Submit A Clean Offer With No ContingenciesIf you submit an offer with contingencies, the seller may pass over it for one that has no stipulations. Contingencies like needing to sell your current home before closing on the new one will quickly send your offer to the bottom of the pile. Try to submit an offer clean of contingencies to show you’re serious about buying a home and closing on time.
Make An Appealing Net-Price OfferThe net price is the amount the seller gets after everything is said and done. The less they have to pay for, the more money they put in their pockets when the home sells. Try to make sure they get as much money as possible by not making them pay for things like closing costs. Anything that makes them have to shell out more cash in the sale could cause them to turn down your offer.
Make A Sizeable Down PaymentSubmit an offer with a sizeable down payment. At the time of this writing, the average down payment is nearly 8 percent of the median sale price. The reality is, sellers are more likely to accept an offer with a larger down payment because they feel the bigger down payment will put the buyer in a better position to qualify for a mortgage.
Don’t Ignore The Fixer UpperMany homebuyers will pass over homes that need fixing up. It can be difficult living through a home renovation, but if you can purchase the house for a decent price, it may be worth it to get the house of your dreams in the end.
If you’re looking to purchase a home that needs more than just a coat of paint and some new carpeting, do your homework when it comes to hiring contractors to get the job done. Check with some of the non-profit housing organizations for recommendations on construction professionals for your renovation.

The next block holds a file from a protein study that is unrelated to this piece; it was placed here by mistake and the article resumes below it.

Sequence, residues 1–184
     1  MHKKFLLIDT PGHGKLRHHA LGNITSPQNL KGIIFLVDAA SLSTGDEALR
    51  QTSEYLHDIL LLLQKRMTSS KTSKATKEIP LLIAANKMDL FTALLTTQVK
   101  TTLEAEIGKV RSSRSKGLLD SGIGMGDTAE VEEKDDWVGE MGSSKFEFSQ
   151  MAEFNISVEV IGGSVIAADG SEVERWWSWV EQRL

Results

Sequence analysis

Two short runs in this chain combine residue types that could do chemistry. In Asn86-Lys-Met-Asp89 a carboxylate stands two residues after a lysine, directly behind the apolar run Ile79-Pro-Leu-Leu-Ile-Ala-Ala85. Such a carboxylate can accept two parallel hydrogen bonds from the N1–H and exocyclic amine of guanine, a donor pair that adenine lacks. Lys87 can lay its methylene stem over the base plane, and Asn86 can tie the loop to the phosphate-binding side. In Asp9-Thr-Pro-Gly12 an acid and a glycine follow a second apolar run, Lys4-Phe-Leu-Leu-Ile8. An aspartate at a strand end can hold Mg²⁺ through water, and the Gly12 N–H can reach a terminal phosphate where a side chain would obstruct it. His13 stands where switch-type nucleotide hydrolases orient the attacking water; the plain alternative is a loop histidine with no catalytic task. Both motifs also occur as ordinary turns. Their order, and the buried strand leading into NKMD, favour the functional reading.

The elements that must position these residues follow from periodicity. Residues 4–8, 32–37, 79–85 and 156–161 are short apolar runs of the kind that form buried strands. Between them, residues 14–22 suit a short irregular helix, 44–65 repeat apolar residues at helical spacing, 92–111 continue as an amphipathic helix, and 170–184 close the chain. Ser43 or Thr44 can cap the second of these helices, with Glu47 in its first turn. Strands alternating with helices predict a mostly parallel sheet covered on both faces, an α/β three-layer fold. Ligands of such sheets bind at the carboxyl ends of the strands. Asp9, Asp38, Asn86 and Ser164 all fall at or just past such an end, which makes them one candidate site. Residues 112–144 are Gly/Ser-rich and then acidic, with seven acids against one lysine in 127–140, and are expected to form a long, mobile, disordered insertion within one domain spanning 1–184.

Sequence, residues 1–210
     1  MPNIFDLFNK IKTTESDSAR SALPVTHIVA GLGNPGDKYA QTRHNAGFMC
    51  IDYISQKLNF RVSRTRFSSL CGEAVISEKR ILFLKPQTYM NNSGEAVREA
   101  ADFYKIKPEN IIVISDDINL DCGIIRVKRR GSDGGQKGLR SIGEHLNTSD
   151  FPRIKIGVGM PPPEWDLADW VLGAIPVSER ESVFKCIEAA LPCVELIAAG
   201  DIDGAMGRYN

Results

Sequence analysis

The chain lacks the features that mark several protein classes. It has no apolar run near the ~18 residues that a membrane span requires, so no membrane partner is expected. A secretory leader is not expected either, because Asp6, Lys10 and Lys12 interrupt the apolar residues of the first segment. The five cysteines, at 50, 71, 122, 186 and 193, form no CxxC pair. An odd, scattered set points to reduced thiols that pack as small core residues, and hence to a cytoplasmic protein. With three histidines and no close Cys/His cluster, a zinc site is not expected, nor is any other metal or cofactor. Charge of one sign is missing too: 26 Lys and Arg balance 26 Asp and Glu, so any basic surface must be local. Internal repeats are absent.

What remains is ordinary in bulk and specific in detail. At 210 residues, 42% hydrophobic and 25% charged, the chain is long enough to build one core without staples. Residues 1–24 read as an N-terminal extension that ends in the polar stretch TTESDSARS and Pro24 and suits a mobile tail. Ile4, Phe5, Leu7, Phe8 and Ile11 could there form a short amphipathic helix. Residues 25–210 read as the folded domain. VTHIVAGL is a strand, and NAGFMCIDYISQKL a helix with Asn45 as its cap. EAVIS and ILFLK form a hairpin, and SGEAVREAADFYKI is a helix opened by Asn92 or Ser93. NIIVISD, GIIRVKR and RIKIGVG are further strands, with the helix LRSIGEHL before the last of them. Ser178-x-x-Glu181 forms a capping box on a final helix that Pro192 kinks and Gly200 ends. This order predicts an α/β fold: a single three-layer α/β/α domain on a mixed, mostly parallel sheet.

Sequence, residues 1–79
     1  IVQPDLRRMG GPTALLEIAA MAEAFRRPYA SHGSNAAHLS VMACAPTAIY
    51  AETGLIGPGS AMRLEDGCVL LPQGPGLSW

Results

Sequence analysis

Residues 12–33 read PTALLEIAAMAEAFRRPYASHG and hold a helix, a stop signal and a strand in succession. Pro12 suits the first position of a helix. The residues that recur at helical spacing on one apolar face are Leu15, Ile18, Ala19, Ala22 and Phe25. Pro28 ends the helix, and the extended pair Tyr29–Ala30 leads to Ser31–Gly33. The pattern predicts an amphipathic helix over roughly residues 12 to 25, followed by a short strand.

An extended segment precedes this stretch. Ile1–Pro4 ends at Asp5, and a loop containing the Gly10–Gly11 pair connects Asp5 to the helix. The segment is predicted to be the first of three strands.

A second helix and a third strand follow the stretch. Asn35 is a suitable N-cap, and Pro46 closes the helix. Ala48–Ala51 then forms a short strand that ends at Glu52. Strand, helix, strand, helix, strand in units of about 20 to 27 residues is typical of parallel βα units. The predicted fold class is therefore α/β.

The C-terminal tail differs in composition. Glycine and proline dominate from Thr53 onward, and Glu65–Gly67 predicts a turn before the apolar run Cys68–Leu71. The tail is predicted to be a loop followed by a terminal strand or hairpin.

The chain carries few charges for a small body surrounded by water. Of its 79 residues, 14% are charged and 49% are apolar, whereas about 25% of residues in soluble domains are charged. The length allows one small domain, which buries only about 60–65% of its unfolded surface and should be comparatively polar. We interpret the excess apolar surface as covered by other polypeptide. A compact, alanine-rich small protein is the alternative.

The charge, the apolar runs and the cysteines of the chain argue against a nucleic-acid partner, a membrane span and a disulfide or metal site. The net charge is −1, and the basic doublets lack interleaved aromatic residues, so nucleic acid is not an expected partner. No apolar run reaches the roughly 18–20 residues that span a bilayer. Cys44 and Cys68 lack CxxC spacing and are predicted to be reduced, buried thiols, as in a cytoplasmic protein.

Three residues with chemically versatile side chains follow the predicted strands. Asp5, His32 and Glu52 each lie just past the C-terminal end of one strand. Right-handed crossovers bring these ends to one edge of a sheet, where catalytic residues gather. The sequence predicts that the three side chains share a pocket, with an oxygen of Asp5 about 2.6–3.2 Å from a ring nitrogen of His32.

The housing market is a competitive one for homebuyers these days, but when you come prepared, you can beat out the competition to secure the home of your dreams. Use the tips above to be a serious contender in a hot real estate market.
There’s a lot to do when it comes to real estate investing. From finding good investment opportunities to managing them all, it’s a full-time job. Here are a few tips to help you get started on building a sizeable real estate portfolio.
Build a Team to Help Manage It AllBeing a landlord is a full-time job. Each property will require your time, and the more properties you own, the more time it will require. Begin building a team of people you can trust to help you manage it all. Professionals such as property managers, contractors, inspectors, etc. will help you stay on top of things and take some of the responsibility off your shoulders.
Spread Your Investments Over Several MarketsIf you’re managing everything yourself, you’ll likely want to keep all your investment properties close together for convenience. However, this is like putting all your eggs in one basket.
If you purchase investment properties in more than one market, it protects your money in the event that one market struggles, the other can keep things afloat.
Have Plenty of Available CashTo build your portfolio, you need to have plenty of easily accessible cash to take advantage of opportunities fast. There are a few different ways to ensure you have the cash you need on hand.
- Refinance or sell an existing property
- Partner with other investors
- Do a 1031 Exchange when you sell an investment property
Know Your Investment GoalsIt’s hard to achieve goals when you don’t fully understand what it is you hope to achieve. Before you begin looking for investment properties, ask yourself the following questions.
- Do I want to invest in different markets or stay local?
- Do I want to focus on the value of my portfolio?
- How many properties do I need to buy in order to reap a profit that exceeds my expenses?
- What do I hope to achieve? Higher monthly cash flow, more stability, or a combination of both?
Most real estate investors start out by owning a rental property or two. They quickly find out that real estate investing is quite lucrative and want to buy more properties. It’s a lot of work building a sizeable portfolio, so be sure you commit to memory the tips outlined above.